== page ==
Stay productive and organized while working from home

I’ve been working from my home office exclusively since 2009. In those four years, I’ve learned a lot about managing home and work life, staying productive while cozy at home, avoiding distractions, and more. Based on these experiences, the following are my ten tips that keep my work on track when I’m at home.

Before I delve into my list, I should define “home worker.” It certainly includes telecommuters, freelancers, and those running a business from home, but that is not where the definition ends. Anyone who runs a household definitely works from home. Also, the number of people who spend 9–5 in an office, school, or at an off-site job, but then take additional tasks home to work on, is increasing. When I was young, I knew one family who had an “office” in their home, and I thought it was the oddest thing. Today, it’s pretty much the norm.

Now that we’ve got that sorted, on with the tips.

  1. Define a workspace. You needn’t have a dedicated room to be a productive home worker. A corner of the kitchen, back porch, or garage will do, as long as it accommodates the tools and space you need. I have an IKEA desk in my bedroom that is my office. Occasionally, I want a change of scenery, so I’ll move my laptop to another part of the house. Other times I’m forced out entirely, which brings me to …
  2. Have an emergency backup office. There will be times when the power is out or your internet connection is down. Or, perhaps, a construction crew is working on The World’s Loudest Project right outside your window. When this happens, you’ll need a backup site to go to. My default remote office is the public library. It’s clean, well-lit, quiet, and has free Wi-Fi. The employees don’t care how long I stay and there are electrical outlets everywhere. Good thing I travel light.
  3. Define a lightweight office-to-go. Figure out the bare minimum of tools you can get away with and remain productive. Something you can fling into a bag and go. Will your computer do? An iPad? A camera? Figuring this out ahead of time will save you a lot of aggravation when you need to vacate your home office pronto.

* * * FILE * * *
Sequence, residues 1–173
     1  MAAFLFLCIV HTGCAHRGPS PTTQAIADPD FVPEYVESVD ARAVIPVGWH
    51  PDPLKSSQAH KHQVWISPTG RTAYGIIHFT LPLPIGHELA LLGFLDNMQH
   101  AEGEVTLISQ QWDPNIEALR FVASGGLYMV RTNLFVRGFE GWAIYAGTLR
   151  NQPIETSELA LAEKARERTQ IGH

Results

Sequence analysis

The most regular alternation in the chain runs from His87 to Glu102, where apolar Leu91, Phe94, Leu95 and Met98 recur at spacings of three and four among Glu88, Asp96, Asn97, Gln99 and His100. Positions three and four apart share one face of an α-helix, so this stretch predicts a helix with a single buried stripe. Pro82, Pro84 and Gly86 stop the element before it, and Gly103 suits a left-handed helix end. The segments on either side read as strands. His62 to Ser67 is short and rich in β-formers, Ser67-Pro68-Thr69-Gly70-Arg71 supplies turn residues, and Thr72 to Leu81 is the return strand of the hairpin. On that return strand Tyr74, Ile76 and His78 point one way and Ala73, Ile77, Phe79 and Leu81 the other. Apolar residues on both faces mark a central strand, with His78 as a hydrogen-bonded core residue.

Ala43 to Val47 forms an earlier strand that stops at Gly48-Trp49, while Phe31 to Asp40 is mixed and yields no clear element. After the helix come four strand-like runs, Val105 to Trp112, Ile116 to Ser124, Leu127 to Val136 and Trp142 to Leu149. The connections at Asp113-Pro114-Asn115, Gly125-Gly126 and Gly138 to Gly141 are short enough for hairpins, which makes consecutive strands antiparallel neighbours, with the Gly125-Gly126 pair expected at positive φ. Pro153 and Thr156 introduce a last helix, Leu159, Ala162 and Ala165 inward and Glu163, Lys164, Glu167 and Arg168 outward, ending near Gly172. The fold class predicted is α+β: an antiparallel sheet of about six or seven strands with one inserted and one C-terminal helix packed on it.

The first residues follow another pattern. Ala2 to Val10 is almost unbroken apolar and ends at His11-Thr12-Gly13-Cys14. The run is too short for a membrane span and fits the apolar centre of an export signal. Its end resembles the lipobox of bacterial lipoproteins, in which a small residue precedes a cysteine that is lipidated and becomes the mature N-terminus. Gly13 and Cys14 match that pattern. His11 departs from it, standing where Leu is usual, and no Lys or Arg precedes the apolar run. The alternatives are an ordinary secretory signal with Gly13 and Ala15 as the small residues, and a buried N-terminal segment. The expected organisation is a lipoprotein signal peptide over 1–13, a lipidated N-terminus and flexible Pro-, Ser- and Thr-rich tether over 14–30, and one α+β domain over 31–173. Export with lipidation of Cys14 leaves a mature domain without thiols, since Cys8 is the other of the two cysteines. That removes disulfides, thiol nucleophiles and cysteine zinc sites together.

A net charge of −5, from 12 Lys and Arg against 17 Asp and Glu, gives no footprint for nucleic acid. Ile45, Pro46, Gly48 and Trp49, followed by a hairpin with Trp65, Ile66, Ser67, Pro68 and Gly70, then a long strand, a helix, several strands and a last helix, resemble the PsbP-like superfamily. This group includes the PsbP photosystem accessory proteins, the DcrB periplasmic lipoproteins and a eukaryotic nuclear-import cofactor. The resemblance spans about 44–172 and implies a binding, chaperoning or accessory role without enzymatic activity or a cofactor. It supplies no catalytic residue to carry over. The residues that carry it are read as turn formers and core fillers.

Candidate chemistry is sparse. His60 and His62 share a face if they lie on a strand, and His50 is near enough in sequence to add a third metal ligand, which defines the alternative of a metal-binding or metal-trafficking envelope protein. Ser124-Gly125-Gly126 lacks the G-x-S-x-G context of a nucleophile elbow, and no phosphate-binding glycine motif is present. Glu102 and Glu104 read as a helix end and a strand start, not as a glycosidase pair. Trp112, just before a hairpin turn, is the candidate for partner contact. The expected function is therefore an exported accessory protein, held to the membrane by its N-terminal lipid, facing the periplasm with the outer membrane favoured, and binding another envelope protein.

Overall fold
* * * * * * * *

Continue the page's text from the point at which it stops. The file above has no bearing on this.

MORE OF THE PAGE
4. Make your home office efficient but also pleasing. You’re going to spend a lot of time in your office, so make it a pleasant place to be. I have LEGO projects on my desk, Star Wars toys, and a pencil holder that my daughter made for me. Since I am at home, I need not comply to corporate decorating policies, and neither do you. Find things that you love and make you feel good and add a little style to your space.
  5. Adopt a system you trust. Unless you’re in business with your spouse, partner, or housemate, you likely don’t live with a co-worker or superior. That means that you are both the worker and the supervisor. Conquer the latter role by devising a system you trust. I follow David Allen’s Getting Things Done system and, in effect, that system is my supervisor. Trust is the critical factor here, as that’s the only way your brain will stop nagging about all of your undone tasks.
  6. Don’t be too informal. This one applies mostly to those who are earning their living from home. Since you are in the house, it’s easy to adopt a casual attitude about your day. In my experience, adding a bit of formality helps draw a line between work time and leisure time. I always shower, shave and put on nice clothes. I make a cup of tea and begin the day in the same routine one might in a traditional office. When I’m done with work for the day, I turn my computer off, kick off my shoes and join the family downstairs. That routine also helps me feel like I’m truly “off the clock” when the workday ends.
  7. Get your own inbox. This simple tip has vastly improved my marriage. My wife and I shared an “inbox” (an end table by the front door) for years and it made both of us crazy. My stuff mingled with hers, she liked to store things one way and I another. Now, I have an inbox on my desk and she has one on the end table. I process my inbox items on my schedule and according to my system, and my wife does the same her own way. I cannot recommend splitting this up strongly enough if you live with other people.